.showe what work will do. A road
it once put in this shape is no more
i- trouble. Would it not pay Pick.
d ens county to fix one road, at a
0o time like that road?
' Mr. George Howard who has
is been very low of fever ie able
. A Judicious Inqairy.
A well known traveling man who vi.
its the drug trade says be has of tell
n) heard druggt.s inqmire of a man wheni
a he asked for at coug h medicine, whethei
it was wanted for a cbild or a adult,andJ
r if for a child they would most invariably
r. recommer d Chamberlain's C9ugh Rtem
eedy. The season for this is thiat they
eknow there is no danger fromit and thai
it always cures. There is not the leasi
., danger in giving it, and for coughs,
' olds andi croup it is 'unmarpassed. Fot
1- sale by Piokemns Drug Co., and T. N
*Hunter, Liberty.
eCheap Rates to Texas,
Arkansas, Louisiana, and the South
wwest. Each flrat aind third Teuda:
--OI you I1 can'prchase4 tickets at Atlantr
*Biringhmmm, AnaihDto' , Monltgomer.3
at and e. tamli *thf oin toia to The G rsr
mn Stuth W'st and returi, by Memrph
rv <mdi~ .he : t. .n lkit Ro' ute at vreatl
le-. Ticketts allo~w stopj overs any pia<
ir WVest of Wm~phiia, and aret good
yreturn any3 day wit-hin 21 day, aft
21 puirchase
nt Write me to make arrangemn
anid see that your tickeats reat' I
hsMemphis 4tui the Cottoni Belt Homat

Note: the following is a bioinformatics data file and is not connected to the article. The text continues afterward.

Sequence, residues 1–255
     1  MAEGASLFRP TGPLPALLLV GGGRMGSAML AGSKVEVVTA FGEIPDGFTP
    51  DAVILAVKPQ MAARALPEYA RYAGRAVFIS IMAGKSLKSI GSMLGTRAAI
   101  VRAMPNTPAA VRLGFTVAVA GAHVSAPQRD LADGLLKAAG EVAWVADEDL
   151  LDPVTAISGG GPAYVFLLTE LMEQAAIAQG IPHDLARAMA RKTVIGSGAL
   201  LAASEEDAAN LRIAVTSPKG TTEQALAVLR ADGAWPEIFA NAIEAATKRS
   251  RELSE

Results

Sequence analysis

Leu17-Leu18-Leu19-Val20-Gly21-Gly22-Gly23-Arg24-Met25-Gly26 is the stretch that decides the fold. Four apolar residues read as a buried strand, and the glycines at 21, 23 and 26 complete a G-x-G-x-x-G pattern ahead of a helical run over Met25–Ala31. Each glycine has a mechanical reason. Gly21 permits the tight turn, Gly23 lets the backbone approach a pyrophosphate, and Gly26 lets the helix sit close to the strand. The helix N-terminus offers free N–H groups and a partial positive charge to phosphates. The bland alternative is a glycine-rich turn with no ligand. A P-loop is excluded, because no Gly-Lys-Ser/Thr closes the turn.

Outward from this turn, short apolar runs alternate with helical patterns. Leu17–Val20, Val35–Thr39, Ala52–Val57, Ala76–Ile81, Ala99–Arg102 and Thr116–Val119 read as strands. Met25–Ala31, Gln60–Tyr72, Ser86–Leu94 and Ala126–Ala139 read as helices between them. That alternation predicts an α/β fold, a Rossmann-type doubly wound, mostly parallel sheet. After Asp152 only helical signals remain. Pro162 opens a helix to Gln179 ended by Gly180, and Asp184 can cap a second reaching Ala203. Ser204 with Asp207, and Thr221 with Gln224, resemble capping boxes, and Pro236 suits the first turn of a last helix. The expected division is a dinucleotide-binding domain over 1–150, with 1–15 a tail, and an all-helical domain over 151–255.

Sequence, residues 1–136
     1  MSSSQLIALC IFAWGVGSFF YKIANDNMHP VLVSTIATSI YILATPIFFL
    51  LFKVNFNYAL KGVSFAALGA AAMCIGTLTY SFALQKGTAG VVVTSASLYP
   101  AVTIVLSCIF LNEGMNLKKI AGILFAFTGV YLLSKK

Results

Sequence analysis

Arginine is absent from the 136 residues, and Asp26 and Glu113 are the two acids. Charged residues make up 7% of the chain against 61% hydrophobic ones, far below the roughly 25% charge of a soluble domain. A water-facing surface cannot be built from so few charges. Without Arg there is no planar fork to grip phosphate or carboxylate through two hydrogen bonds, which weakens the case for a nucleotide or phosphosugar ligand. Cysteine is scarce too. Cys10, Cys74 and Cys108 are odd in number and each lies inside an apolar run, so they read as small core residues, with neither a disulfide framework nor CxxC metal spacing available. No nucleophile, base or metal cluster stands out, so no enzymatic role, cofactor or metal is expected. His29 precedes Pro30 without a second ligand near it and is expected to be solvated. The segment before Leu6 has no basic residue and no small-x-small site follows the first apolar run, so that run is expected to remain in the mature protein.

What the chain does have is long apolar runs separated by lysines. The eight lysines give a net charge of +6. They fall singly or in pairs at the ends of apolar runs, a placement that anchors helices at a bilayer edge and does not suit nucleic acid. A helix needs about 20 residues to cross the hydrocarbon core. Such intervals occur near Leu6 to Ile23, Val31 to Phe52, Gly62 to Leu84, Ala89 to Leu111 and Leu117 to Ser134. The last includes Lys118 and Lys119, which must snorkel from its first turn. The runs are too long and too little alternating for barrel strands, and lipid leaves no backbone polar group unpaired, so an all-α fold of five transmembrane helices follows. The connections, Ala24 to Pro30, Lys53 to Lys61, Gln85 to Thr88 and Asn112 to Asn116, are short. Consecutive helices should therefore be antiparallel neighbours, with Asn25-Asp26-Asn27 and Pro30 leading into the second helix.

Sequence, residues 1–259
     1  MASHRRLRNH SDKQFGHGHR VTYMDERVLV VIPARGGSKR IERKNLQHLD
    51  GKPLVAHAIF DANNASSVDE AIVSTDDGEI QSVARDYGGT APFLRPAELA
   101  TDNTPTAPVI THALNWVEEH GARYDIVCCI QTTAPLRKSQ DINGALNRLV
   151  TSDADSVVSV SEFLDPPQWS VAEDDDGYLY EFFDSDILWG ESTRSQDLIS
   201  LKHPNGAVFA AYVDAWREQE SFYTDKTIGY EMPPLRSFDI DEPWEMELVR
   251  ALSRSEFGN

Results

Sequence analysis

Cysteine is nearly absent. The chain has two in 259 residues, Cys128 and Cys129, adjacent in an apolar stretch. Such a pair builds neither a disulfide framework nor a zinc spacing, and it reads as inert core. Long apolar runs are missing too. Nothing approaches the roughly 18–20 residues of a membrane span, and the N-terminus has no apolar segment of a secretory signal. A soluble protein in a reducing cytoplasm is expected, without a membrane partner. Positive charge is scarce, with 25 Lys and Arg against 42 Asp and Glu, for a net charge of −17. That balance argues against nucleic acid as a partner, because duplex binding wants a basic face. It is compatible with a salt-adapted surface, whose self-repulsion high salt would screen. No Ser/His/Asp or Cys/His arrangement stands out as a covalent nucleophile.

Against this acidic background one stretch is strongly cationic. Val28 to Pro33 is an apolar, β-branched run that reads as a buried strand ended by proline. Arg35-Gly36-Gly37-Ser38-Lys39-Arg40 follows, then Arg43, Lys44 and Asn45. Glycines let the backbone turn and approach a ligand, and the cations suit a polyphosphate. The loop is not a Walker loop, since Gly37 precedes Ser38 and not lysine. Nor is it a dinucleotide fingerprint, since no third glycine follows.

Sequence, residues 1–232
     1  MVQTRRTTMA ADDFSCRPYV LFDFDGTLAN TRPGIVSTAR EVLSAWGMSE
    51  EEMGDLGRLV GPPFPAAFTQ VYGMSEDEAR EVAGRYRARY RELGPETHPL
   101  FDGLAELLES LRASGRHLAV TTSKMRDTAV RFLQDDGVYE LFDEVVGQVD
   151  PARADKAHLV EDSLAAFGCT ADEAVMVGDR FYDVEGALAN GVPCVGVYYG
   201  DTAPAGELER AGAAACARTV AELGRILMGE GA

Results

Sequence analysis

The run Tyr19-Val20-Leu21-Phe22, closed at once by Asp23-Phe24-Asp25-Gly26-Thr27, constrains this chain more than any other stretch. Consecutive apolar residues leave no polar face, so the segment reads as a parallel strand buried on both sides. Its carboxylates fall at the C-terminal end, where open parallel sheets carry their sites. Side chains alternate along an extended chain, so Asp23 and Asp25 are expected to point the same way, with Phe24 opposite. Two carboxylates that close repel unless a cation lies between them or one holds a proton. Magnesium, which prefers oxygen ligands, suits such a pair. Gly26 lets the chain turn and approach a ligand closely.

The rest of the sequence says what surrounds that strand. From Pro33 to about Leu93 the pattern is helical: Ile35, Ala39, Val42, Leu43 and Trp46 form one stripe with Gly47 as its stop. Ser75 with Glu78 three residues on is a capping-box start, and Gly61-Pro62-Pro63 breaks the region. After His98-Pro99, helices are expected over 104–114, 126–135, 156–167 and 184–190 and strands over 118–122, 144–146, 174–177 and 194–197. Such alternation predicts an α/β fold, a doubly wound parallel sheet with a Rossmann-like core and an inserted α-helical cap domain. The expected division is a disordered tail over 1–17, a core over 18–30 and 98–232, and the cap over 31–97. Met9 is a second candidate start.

L. P. Sm .IbhPay. Paens. Agent
,205 Equitable "Bldg., Atlanta, Gas.
O .a.m erO2.E4
Esare hs - he id15|0A
was a Success
ever, purchased goodly bills of
at the bargains we have and
patronage accorded us and ask
e and assure you that you can
cheaper prices on any market.
ou want we will take pleasure in
-s truly,
.Morrow Co.
in Low Prices.
to be ,out again.
We venture the assertion that
this place has the least sicknosv of
any cotton mill in the South. We
heard of a place once where a man
had to be killed to start a grave.
yard. Cateochee has iot found a
man worthless enough to kill and
consequently has no graveyard.
We see E Pluribus Unum now
writes from Central and it seems
like olden times.
Doctors Said lie Would not Liye.
Peter Fry, Woodruff, Penn., writes:
-'After doctoring for two yearrs with the
best physicians in Waynesburg,aud stil
getting worse, the doctors advised me if
I had any business to attend to I had
hetter attend to it at once, an I oould
not possibly live another month as there '
was no euro for me. Foley's Kidney.:
Cure was reeommended to me by a